I should clarify. "We climbed" is misleading. I made it all of 30 minutes at 14,000 ft. before I realized my little piernas and pulmones would not make it another 5,000 feet up. Let me back track. We all took the Teleferico a little more than half-way up the mountain (basically, a ski lift that gives you some spectacular views of the entire city as you go up the mountain). From the end of the Teleferico, it’s about a 4-hour hike to get to the top – I'm not sure why, but apparently people enjoy that type of thing...
Not to worry, though. As an act of solidarity, I did go for a run after I ate lunch. Fifteen minutes at 10,000 feet, I'm feeling the burn.
A lot of things to look at, chronicling the past two weeks.
Monday, March 14, 2011
On Saturday, we said “chao, chao” to our host families with a big barbecue in Tombillo. One of the host families owns a hacienda (farm) there, about an hour south of the city. It’s been in their family for over 100 years and has a beautiful farm house on the property. I acted very much like my mother in the dollar aisle at Target – I stopped to look at everything I could in the house. It's a great, big house filled with so much old stuff it was almost more than I could bear...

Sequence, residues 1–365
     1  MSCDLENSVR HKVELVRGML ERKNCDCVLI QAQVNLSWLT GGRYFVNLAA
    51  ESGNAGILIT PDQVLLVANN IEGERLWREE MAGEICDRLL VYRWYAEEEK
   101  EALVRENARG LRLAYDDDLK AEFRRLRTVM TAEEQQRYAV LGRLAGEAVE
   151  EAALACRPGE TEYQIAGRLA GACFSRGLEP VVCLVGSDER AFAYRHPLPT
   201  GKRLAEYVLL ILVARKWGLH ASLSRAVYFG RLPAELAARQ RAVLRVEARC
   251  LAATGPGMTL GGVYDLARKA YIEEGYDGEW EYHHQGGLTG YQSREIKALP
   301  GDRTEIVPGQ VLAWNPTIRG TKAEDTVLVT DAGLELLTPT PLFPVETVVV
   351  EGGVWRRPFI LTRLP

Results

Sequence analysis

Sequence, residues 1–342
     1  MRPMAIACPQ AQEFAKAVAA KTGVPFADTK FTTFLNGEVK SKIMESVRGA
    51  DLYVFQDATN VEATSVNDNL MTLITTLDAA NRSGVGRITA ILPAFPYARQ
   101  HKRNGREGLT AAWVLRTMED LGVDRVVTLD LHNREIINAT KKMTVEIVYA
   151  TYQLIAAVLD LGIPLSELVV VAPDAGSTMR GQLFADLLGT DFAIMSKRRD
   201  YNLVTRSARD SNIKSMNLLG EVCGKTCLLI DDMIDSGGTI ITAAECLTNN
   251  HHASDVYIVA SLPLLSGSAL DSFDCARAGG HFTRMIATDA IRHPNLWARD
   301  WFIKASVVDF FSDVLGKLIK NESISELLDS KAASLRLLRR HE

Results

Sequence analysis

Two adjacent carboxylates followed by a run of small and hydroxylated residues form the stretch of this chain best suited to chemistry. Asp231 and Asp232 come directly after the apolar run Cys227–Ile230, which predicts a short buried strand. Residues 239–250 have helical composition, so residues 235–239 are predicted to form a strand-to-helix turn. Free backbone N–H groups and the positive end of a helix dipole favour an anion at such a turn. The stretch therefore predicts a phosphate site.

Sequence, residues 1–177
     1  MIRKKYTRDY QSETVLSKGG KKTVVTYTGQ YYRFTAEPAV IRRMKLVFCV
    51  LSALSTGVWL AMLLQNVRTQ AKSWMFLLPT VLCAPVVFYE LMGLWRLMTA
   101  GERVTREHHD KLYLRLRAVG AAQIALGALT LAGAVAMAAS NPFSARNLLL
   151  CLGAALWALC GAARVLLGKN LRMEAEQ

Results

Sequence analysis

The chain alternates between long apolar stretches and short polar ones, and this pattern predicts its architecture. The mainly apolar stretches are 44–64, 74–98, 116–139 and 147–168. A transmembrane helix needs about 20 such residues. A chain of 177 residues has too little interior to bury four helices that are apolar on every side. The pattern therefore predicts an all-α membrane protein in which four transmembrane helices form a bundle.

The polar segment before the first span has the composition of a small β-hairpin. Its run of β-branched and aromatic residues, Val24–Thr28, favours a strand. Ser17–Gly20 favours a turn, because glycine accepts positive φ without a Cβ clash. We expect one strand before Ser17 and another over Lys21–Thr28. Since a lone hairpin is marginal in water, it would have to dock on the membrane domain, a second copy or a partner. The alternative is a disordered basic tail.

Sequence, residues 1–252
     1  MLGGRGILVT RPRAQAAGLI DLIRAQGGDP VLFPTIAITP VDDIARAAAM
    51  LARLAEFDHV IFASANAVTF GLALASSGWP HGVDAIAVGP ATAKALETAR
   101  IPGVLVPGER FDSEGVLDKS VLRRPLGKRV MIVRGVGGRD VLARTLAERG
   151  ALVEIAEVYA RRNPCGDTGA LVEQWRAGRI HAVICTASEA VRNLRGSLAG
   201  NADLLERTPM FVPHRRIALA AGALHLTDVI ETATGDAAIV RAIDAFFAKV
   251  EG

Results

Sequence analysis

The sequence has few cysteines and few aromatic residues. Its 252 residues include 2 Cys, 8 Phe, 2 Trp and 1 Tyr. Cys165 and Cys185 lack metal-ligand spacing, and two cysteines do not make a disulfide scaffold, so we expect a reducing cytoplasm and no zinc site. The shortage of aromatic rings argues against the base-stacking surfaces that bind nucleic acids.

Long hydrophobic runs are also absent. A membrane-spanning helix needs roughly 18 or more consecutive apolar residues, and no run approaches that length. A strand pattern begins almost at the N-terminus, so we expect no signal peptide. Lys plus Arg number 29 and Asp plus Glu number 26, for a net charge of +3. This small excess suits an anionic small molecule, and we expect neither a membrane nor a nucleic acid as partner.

We milked cows with our bare hands right into a glass--which we promptly drank. We were at a farm after all.
Some of my pals rode horses around the property, while others of us visited the baby cows and cuy (guinea pigs). We moved from farm adventure to farm food – pinchos (Ecua shish kabobs) and salads provided by each family.
Sorpresa, sorpresa, I shed a tear while saying goodbye to my host family. There were overly-attached hugs exchanged. I am excited to live with each of the other girls again, but I will miss my Ecua family and our daily cultural adventuras. I may or may not have purchased some queso fresco and pancitos at the grocery store yesterday in an attempt to recreate my desayunos with Lil and Ive.
I think I’m leaving little pieces of my heart here in Ecuador, the people, the language, the landscape – it’s all so amazing. I can't believe we're half-way done. (Now, I know what you're thinking, "Liz, we heard this before when you lived in Oklahoma City... don't even say you want to move there.") This is different, while I love it here, I probably won't live here forever. That makes me savor each experience that much more.
And now, here we are in all our glory...